17. “When we see a natural style, we are astonished and delighted; for we expected to see an author, and we find a man.” — Blaise Pascal

18. “Style is the hallmark of a temperament stamped upon the material at hand.” — Andre Maurois

19. “The essence of a sound style is that it cannot be reduced to rules–that it is a living and breathing thing with something of the devilish in it–that it fits its proprietor tightly yet ever so loosely, as his skin fits him. It is, in fact, quite as seriously an integral part of him as that skin is. . . . In brief, a style is always the outward and visible symbol of a man, and cannot be anything else.” — H.L. Mencken

20. “You do not create a style. You work, and develop yourself; your style is an emanation from your own being.” — Katherine Anne Porter

21. “Style is the perfection of a point of view.” — Richard Eberhart

22. “Where there is no style, there is in effect no point of view. There is, essentially, no anger, no conviction, no self. Style is opinion, hung washing, the caliber of a bullet, teething beads.” — Alexander Theroux

23. “Style is that which indicates how the writer takes himself and what he is saying. It is the mind skating circles around itself as it moves forward.” — Robert Frost

24. “What’s important is the way we say it. Art is all about craftsmanship. Others can interpret craftsmanship as style if they wish. Style is what unites memory or recollection, ideology, sentiment, nostalgia, presentiment, to the way we express all that. It’s not what we say but how we say it that matters.” — Federico Fellini

25. “Proper words in proper places, make the true definition of style.” — Jonathan Swift

26. “The web, then, or the pattern, a web at once sensuous and logical, an elegant and pregnant texture: that is style.” — Robert Louis Stevenson

27. “The most durable thing in writing is style, and style is the most valuable investment a writer can make with his time. It pays off slowly, your agent will sneer at it, your publisher will misunderstand it, and it will take people you have never heard of to convince them by slow degrees that the writer who puts his individual mark on the way he writes will always pay off.” — Raymond Chandler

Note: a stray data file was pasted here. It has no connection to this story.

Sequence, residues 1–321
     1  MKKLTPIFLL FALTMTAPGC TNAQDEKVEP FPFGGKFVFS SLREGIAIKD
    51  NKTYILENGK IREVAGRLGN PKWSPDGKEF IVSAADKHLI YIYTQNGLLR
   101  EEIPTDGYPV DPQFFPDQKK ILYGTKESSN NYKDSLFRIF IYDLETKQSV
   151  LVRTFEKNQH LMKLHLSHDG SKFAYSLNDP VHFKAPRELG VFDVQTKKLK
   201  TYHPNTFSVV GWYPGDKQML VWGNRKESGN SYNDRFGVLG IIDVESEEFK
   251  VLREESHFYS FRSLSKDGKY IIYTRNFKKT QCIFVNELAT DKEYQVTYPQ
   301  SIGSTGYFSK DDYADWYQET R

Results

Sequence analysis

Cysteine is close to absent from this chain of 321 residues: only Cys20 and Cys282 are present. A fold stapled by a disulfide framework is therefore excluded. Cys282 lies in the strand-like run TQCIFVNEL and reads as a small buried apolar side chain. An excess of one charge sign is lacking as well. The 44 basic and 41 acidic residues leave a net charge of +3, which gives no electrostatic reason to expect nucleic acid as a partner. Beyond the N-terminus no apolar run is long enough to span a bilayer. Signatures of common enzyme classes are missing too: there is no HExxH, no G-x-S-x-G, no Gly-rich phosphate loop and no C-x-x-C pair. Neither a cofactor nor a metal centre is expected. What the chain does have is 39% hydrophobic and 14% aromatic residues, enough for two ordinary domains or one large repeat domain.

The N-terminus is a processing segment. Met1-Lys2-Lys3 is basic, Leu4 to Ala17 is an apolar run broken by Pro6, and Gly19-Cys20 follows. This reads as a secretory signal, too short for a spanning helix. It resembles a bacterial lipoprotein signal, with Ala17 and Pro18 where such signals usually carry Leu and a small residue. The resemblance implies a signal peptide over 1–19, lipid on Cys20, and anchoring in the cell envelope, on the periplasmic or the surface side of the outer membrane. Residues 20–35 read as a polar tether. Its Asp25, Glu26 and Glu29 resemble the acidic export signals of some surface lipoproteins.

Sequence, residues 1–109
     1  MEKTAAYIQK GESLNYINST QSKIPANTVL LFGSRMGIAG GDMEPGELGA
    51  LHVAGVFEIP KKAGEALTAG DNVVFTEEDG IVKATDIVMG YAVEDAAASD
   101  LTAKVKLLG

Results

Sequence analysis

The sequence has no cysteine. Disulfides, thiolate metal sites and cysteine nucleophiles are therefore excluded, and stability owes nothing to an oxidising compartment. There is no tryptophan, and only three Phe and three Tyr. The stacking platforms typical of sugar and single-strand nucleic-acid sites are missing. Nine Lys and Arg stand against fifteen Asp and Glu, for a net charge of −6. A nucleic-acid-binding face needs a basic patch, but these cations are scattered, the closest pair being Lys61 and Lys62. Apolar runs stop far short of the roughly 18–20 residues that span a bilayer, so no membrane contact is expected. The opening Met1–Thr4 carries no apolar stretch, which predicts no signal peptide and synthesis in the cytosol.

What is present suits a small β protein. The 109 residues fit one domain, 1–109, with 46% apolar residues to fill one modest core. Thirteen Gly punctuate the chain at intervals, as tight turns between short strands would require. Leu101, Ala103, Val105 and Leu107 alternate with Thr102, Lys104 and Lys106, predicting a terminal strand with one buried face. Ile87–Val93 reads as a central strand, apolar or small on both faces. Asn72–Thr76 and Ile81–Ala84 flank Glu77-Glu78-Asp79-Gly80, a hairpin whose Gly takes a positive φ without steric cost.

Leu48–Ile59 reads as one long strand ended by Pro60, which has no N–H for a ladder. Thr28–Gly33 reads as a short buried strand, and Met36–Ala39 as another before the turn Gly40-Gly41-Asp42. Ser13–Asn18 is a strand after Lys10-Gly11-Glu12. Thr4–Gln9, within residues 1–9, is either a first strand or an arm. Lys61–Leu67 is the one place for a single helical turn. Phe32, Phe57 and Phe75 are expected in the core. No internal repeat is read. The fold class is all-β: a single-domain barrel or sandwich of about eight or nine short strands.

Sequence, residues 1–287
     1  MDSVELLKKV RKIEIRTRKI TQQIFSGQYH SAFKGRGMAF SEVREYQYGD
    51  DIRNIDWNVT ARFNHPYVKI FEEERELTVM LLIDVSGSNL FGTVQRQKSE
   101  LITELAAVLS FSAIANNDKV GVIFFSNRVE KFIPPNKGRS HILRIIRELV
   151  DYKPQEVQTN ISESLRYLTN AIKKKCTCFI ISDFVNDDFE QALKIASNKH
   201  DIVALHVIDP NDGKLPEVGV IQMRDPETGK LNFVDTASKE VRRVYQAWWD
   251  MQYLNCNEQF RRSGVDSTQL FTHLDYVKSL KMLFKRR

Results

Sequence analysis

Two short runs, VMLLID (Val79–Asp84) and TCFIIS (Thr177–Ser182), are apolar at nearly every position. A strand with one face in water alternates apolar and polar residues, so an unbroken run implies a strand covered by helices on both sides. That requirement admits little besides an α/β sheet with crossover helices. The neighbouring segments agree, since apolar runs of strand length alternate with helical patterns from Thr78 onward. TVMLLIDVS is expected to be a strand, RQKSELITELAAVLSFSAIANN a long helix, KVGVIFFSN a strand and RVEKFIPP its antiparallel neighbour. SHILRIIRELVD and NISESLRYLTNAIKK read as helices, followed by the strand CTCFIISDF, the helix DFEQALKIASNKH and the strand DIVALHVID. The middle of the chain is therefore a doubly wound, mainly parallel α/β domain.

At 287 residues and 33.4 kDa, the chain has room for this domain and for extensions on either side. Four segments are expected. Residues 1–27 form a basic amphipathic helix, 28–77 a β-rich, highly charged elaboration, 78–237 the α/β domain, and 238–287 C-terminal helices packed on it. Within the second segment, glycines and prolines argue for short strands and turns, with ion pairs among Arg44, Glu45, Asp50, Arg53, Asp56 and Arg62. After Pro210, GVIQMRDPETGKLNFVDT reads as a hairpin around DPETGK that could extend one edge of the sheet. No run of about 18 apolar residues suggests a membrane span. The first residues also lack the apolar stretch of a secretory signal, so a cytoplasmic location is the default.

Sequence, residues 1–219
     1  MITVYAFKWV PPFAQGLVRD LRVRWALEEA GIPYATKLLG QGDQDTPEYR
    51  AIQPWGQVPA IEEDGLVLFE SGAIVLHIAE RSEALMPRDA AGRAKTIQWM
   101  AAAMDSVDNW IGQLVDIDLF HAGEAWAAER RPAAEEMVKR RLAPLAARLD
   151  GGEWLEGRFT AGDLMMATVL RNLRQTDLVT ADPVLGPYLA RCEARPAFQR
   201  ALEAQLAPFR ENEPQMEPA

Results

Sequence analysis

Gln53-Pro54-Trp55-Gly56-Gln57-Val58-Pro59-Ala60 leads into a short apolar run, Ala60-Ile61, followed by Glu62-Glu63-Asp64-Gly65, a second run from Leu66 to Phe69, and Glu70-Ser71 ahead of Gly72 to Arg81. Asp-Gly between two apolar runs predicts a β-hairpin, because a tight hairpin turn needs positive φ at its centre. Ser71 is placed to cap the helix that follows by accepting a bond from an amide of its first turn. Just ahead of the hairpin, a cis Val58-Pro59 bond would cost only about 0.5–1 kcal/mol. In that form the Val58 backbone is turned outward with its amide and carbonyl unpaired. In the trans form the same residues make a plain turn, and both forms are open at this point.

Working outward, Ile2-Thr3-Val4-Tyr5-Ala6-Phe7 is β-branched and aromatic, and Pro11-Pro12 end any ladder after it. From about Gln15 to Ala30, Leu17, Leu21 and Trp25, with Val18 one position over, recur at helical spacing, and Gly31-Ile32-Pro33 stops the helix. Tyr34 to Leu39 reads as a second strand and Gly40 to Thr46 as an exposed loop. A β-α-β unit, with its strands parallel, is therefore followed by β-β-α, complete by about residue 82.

28. “The style of an author should be the image of his mind, but the choice and command of language is the fruit of exercise.” — Edward Gibbon

29. “One arrives at style only with atrocious effort, with fanatical and devoted stubbornness.” — Gustave Flaubert

30. “To me style is just the outside of content, and content the inside of style, like the outside and the inside of the human body. Both go together, they can’t be separated.” — Jean-Luc Godard

31. “Thought and speech are inseparable from each other. Matter and expression are parts of one; style is a thinking out into language.” — Cardinal John Henry Newman

32. “In matters of grave importance, style, not sincerity, is the vital thing.” — Oscar Wilde

33. “Style, in its finest sense, is the last acquirement of the educated mind; it is also the most useful. It pervades the whole being.” — Alfred North Whitehead

34. “Style is not something applied. It is something that permeates. It is of the nature of that in which it is found, whether the poem, the manner of a god, the bearing of a man. It is not a dress.” — Wallace Stevens

35. “All my stories are webs of style and none seems at first blush to contain much kinetic matter. . . . For me ‘style’ is matter.” — Vladimir Nabokov

And if I may tack on a few extras pieces of advice: don’t forget to take risks, give voice to that quirkiness of thought that you possess, avoid clichés, if at all possible, be concise and precise, and develop a keen sense of word choice.